South Wales, between the Brecon Beacons and the south coast of the country, is densely populated, so you’ll have to put up a bit of traffic until you reach Manmoel Road, but from here on in, things take a turn for the special. Manmoel Road is, on the face of it, a route of little interest to most people. But for adventure bike riders, it’s a wonderful stretch of tarmac and gravel that follows a ridgeline towards the Brecon Beacons.
It’s a shame that the road is often lined with dumped rubbish, but the views to your left and right are spectacular. If you’ve never ridden gravel before, don’t be put off, this road is doable on all bikes, even with road tyres – just take it easy.
After Manmoel Road, we head into the Brecon Beacons National Park where the roads and the views are beautiful. As I hinted at earlier, if you’re looking pushed for time and want a shorter ride, skip out Brecon and head straight to Ystradgynlais, home to Touratech UK, along the Head of the Valleys Road. It’s got a 50mph average speed for its duration, but that’ll take you straight to Black Mountain Road, where you’ll find stunning scenery and an incredible ride.
Black Mountain Road
Glorious bends of the Black Mountain Road.
If you carried on to Brecon, the rest of this journey is quite simply superb, and it starts off with a wonderful dip south, down the A4067, before we ride the famous Black Mountain Road. Accessing the Black Mountain Road through Brynamman, you’d be forgiven for thinking you’d taken a wrong turn. There’s very little on the approach through the small village that hints at the wonderful stretch of tarmac to come. A 40mph speed limit is in place for the length of Black Mountain Road, but that does little to take away from the enjoyment.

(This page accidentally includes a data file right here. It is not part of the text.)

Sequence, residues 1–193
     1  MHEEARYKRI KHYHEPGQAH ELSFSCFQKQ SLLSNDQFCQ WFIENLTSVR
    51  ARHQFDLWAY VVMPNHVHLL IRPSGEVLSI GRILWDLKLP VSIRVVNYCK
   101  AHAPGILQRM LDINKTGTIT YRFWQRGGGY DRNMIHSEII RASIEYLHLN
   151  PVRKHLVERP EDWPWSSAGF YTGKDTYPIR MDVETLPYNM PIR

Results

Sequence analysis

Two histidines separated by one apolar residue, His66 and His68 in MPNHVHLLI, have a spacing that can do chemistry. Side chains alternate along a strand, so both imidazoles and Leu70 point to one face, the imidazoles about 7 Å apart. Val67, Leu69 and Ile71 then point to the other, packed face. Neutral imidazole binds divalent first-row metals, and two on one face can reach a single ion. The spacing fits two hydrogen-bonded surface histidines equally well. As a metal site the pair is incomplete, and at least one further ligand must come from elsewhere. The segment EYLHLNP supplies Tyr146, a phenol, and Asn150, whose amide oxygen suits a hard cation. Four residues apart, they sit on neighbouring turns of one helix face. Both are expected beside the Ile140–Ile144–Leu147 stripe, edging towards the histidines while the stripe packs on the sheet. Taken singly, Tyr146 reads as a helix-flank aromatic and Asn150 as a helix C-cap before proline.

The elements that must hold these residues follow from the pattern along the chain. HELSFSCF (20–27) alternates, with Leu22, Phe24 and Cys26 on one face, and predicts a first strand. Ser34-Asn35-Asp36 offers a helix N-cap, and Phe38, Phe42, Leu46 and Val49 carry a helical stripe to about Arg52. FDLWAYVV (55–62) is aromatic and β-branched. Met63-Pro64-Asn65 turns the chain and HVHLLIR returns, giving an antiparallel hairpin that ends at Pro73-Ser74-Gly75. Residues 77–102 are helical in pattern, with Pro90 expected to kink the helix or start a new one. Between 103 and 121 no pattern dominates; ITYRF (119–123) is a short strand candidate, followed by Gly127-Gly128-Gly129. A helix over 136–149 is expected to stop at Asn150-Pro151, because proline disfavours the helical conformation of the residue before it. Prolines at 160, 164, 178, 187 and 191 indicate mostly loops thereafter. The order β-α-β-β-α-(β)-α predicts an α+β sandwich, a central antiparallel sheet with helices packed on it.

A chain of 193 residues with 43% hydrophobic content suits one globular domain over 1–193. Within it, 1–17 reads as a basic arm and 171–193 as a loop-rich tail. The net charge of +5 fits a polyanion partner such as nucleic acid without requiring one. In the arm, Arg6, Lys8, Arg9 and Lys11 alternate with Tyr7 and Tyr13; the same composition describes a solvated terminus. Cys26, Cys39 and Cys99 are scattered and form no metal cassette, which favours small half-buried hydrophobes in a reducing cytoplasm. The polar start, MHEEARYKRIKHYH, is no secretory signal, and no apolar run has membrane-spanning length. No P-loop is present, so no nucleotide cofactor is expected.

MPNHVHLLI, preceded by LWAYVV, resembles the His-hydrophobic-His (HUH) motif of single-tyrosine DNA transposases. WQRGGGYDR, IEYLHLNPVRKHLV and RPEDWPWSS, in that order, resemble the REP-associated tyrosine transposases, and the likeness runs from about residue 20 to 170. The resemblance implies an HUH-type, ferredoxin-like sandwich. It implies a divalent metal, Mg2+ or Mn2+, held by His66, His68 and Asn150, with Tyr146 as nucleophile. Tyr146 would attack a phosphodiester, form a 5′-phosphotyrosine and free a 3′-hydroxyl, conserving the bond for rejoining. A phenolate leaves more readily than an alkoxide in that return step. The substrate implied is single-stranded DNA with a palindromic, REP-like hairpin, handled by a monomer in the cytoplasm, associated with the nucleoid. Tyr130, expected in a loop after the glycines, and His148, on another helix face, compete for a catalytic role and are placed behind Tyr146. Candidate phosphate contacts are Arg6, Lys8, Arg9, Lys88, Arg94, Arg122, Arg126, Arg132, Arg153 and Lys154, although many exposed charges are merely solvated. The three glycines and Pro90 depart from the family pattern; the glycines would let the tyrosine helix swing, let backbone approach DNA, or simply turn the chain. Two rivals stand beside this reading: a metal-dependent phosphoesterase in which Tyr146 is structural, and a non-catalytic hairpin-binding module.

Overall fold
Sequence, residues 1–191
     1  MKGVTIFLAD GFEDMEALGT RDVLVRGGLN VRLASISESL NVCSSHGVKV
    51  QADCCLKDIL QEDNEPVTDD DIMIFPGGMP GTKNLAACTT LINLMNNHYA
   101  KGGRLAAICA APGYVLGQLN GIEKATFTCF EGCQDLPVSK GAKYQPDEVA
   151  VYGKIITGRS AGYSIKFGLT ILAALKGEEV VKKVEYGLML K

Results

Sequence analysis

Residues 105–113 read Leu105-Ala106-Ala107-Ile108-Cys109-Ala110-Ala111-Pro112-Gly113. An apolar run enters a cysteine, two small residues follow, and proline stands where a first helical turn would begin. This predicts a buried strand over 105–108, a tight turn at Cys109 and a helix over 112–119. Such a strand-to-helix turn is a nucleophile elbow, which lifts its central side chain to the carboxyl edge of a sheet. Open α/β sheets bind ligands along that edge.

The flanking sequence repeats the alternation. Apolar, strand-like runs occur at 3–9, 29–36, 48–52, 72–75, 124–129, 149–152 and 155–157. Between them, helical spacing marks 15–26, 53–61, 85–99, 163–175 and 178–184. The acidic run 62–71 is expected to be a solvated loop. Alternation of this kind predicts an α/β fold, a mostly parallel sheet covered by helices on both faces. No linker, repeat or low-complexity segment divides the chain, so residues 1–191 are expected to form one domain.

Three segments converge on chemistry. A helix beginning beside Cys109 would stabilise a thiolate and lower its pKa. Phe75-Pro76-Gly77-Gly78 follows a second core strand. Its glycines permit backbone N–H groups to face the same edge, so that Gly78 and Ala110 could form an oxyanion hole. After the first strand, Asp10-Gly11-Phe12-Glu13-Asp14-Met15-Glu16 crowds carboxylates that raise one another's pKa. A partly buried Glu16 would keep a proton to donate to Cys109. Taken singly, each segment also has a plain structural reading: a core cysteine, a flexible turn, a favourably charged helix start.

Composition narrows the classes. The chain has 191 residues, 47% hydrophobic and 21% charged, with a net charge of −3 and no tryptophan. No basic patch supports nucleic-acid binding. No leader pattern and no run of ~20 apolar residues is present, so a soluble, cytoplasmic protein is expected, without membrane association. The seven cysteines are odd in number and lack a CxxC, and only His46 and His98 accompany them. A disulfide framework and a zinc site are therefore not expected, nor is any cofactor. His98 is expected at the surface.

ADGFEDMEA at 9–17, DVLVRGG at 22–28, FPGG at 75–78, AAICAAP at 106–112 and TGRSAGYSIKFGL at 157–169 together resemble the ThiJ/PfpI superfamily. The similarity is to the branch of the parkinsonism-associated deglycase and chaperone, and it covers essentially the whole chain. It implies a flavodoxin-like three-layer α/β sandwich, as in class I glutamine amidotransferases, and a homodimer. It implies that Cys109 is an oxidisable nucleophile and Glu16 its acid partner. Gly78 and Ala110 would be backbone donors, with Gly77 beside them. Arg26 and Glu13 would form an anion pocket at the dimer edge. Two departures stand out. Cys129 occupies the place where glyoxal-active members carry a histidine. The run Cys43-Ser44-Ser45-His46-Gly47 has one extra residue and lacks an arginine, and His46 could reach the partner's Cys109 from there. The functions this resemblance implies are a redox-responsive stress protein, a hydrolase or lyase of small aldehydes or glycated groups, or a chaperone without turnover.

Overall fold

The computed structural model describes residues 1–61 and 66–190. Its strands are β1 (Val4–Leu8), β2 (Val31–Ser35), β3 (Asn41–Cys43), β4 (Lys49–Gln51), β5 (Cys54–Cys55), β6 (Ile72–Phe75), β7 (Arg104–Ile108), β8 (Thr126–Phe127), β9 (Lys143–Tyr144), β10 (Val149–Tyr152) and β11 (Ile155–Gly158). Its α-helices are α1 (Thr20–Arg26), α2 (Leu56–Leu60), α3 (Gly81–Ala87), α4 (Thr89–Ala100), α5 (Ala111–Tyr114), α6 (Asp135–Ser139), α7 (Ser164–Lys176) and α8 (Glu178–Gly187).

As you crest the summit of the pass, Mid Wales stretches out in front of you in all of its glory, and you dip down to Trecastle on the northern boundary of the Brecon Beacons National Park. Here, there’s the opportunity to ride an old Roman road in the form of a green lane. It takes you over the summit of Trecastle Mountain, where the keen-eyed might be able to make out the remains of two Roman marching camps (reputed to be some of the best-preserved in Wales).
If you’re keen to hit the dirt, hang a left immediately after joining the A40, down a narrow street, and then left again. You then take the first right and follow that road until the tarmac disappears. In terms of difficulty, you’re going to want to be comfortable with some knee-deep puddles and a few steep descents on rock. Our Bridgestone Battlax Adventurecross AX41 tyres were ideal. Eventually, you’ll come out in Llandovery, where you can join the road route again. Those sticking to tarmac will enjoy a flowing section of the A40 to Llandovery.
Wild and remote motorcycle route in Wales
The beautiful Llyn Brianne.